Press Item ● Congress
For Immediate Release: 
October 30, 2003
Contact Info: 
John Crawley


WASHINGTON, Oct 30 (Reuters) - The U.S. House of Representatives approved a $60 billion aviation bill on Thursday after Democrats fought a losing battle to preserve a proposed ban on the expansion of air traffic privatization.

The 211-to-207 vote along party lines sent the measure to the Senate. It capped a day of rarely used procedural moves by furious Democrats to forestall consideration and a nearly two-hour interruption over a Capitol Hill security scare.

While transportation legislation is usually free of fierce partisan infighting, the bill authorizing Federal Aviation Administration programs for four more years was an exception.

Democrats were enraged that proposals approved by both houses this summer to ban additional privatization of air traffic control centers were first modified and then stripped from the bill by Republican-led congressional negotiators this week.

Republican leaders were under pressure from the White House to change or drop the prohibition on privatization.

Democrats howled they were not properly consulted on the change, aggravating increasingly louder cries from their ranks that Republicans are pushing them around more than ever.

"They have burned the books on rules," Democratic House Leader Nancy Pelosi of California said of her counterparts across the aisle.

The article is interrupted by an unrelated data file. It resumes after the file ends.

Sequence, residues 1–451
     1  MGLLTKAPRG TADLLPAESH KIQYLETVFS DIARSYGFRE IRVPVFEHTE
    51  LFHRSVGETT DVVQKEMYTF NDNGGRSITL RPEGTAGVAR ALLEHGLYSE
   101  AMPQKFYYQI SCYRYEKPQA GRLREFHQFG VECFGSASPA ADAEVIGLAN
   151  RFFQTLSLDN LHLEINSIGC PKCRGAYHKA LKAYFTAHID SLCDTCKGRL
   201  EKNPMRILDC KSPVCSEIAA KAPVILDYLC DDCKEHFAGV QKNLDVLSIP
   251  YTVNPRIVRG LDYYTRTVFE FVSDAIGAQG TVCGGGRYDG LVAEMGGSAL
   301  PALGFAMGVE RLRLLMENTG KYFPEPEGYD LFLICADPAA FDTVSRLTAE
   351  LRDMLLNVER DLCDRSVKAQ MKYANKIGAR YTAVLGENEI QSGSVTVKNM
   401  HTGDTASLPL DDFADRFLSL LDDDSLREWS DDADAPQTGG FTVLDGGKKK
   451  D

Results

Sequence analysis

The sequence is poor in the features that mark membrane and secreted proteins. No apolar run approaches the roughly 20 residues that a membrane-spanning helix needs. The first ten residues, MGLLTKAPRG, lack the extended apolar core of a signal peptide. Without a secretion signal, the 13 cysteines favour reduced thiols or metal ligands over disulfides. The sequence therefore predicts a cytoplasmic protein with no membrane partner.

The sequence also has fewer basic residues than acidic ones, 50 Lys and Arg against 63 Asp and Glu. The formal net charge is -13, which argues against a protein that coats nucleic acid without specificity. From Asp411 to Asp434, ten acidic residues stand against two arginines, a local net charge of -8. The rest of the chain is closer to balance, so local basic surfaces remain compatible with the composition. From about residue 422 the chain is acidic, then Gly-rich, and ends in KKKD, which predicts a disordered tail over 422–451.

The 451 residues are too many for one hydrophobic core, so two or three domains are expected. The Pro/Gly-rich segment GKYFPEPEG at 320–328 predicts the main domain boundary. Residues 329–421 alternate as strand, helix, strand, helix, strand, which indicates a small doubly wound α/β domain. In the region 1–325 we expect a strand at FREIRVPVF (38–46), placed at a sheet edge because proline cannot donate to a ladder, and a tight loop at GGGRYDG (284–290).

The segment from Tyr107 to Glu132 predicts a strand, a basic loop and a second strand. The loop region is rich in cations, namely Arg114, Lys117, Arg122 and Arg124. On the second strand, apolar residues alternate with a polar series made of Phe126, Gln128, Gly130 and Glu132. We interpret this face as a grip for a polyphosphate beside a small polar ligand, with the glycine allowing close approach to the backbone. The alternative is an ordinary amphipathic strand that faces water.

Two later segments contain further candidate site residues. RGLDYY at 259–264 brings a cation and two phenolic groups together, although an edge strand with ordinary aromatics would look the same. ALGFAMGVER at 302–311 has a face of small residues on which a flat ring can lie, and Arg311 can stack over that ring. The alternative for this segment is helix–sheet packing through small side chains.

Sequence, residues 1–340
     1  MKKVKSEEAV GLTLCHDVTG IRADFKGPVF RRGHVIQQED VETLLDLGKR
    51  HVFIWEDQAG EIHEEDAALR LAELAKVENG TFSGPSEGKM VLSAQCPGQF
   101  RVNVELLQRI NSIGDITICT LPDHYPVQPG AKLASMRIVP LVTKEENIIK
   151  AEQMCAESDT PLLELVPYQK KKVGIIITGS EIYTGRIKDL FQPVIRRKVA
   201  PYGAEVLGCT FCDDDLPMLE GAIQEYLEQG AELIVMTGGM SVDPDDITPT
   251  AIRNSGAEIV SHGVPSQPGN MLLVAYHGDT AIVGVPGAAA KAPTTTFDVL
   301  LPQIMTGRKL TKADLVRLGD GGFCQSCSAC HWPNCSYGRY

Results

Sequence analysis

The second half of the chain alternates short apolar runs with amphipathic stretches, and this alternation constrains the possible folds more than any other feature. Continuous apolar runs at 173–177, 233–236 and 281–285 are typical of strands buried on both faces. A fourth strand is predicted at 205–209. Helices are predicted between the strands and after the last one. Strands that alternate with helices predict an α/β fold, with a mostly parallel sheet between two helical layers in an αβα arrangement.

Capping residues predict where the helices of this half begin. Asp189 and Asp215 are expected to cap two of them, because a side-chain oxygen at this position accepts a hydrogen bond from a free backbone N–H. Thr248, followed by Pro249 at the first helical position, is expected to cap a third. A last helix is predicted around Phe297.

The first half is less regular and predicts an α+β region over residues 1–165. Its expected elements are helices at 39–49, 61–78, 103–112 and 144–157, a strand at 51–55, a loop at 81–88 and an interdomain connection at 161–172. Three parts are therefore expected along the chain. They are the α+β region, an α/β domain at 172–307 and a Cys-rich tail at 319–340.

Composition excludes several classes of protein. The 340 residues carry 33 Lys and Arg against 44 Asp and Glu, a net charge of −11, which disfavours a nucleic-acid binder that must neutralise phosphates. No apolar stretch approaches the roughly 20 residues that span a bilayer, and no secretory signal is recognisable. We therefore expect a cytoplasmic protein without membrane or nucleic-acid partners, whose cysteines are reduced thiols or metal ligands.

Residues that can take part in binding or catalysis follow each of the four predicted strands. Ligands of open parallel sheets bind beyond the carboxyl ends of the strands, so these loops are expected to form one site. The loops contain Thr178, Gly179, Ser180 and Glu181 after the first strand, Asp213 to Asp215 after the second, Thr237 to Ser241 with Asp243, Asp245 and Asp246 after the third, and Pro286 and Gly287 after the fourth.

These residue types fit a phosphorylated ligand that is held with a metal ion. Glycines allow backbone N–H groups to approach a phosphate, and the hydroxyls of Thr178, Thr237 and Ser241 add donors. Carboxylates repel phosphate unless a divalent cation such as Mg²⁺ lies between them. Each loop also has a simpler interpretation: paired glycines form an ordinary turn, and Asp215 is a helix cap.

"The administration is free to move forward with privatization notwithstanding the will of the House and the will of the Senate," said House Democratic Whip Steny Hoyer of Maryland. "That should not be acceptable in a Democratic legislative body."

John Mica, a Florida Republican and chairman of the transportation panel's aviation subcommittee, dismissed Democratic complaints about fairness.

"I can tell you that in every single issue in this legislation, the minority was consulted. To say that somehow this has been unfairly constructed is not correct. It's not factual," Mica said.

The bill's fate is less certain in the Senate where Democrats have more leverage and strong support for restrictions on privatization.

The Bush administration and the air controllers' union have exchanged sharp elbows over privatization. While the FAA says it has no immediate plans to privatize towers beyond the more than 200 small facilities already run by contractors, the agency would like to expand that program down the road.

Democrats and the controllers' union say that represents the start of a gradual fragmentation of the entire system that will threaten safety.